Posted by By Ahmed Kadir on
In their ferocious passion to promote disharmony among our political leaders, a witch-hunt appears well underway since it turned out that the indefatigable Nigerian President, Chief Olusegun Obasanjo, is not dead after all.
In their ferocious passion to promote disharmony among our political leaders, a witch-hunt appears well underway since it turned out that the indefatigable Nigerian President, Chief Olusegun Obasanjo, is not dead after all. The rumour had gripped Nigeria for about 48 hours last month, to the effect that he had died. Enemies of his regime in that uncertain period had, in a few instances, taken to the bottle to celebrate, while most Nigerians expressed anxiety over what could become of our young democracy.
This fear of the unknown was not totally unfounded, given that a similar rumour back in 1999 led to death and destruction, suffered mostly by northerners in Lagos who were suspected as having killed the President-elect. The President’s upbeat reaction to his rumoured death in local parlance, I dey kampe, not only calmed things down but has since become a needed addition to the lexicon of Nigerian politics. In a recent news story, some faceless forces working against a stable polity were pointing accusing fingers at Vice-President Atiku Abubakar and Governor Bola Ahmed Tinubu of Lagos State as the two men who nurse a death wish for Mr. President.
As they are desperate to gain material and political advantage, these enemies of harmony are turning to overnight psychologists who can penetrate and interpret the intentions of Nigerians towards the President; public figures they perceive as “enemies” of the President. But our President is so sagacious as to let himself fall prey to the pettiness of evil-minded “friends.” And what these fishers in troubled waters failed to recognize is that sometimes those perceived as “friends” can be more silently deadly than enemies. Anyone seeking to take advantage of the recent rumoured death of our President does not wish this country well and they belittle the office of the President by instigating him to punish imaginary enemies behind the death wish. Thank God the President isn’t dead but can we afford this?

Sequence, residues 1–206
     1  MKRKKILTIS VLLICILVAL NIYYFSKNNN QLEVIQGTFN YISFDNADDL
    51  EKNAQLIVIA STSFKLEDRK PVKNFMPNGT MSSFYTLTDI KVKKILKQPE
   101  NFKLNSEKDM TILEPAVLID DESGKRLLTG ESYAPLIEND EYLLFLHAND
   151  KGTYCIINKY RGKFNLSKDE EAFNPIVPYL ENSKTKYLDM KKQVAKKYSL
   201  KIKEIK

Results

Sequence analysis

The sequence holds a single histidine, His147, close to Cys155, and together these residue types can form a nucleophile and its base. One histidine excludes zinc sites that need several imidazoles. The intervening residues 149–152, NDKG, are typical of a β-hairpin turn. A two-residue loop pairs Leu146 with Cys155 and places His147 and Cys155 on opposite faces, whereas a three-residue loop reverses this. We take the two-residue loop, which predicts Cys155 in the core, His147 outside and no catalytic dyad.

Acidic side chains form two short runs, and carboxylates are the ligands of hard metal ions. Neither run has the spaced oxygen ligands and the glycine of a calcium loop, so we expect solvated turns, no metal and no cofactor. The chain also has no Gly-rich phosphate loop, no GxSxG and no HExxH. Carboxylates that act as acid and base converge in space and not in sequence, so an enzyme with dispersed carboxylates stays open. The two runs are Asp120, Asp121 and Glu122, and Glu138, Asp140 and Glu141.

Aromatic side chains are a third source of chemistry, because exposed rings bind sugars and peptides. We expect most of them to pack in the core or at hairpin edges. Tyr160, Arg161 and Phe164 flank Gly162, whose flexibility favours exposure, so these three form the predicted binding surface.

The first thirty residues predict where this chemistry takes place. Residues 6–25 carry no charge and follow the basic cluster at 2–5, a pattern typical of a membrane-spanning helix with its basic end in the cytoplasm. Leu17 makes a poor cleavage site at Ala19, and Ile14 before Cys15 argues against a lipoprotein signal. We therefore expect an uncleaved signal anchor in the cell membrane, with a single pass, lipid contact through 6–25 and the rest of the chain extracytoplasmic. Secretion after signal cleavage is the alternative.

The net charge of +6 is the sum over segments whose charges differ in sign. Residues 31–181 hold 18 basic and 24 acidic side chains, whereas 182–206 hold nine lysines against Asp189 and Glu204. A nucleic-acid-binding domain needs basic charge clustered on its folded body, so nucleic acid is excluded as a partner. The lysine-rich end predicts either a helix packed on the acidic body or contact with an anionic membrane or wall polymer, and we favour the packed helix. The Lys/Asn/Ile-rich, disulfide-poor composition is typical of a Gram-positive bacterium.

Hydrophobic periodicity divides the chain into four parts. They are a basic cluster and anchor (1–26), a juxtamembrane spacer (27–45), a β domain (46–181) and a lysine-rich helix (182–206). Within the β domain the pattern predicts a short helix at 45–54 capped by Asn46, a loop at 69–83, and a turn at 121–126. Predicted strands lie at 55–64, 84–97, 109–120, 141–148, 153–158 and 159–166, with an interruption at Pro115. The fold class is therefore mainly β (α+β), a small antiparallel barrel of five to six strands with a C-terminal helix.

In fact, since God gives life and takes it away at the hour and day of his own choosing, no President should waste his precious time paying attention to petty-minded individuals who seek to build themselves on the ruins of others. No matter how fast anyone seeks to bring your death forward, it may not happen when God does not determine so.
As a born-again Christian, the President is capable of rising above the puerile sentimentality (or even stupidity) of those hell- bent on making political capital out of the rumoured death of General Obasanjo. Because all is grist that come to their mills, these enemies of peace are always lurking in the corner, seeking private advantages from the misfortune of others. How can anyone in his right mind attempt to exploit a death rumour by seeking to unearth the “identity” of the alleged originators of the rumour?
For a President who has consistently stressed the need not to heat up the polity, the activities of certain forces to use the incident to victimize certain political figures are directly insulting the dignity of the President’s office. Since the President did not die as his enemies might have wished, the most sensible thing any genuine admirer of the President should do is to pray for the man for more divine protection rather than looking for whom to punish as the “originators” of the death wish.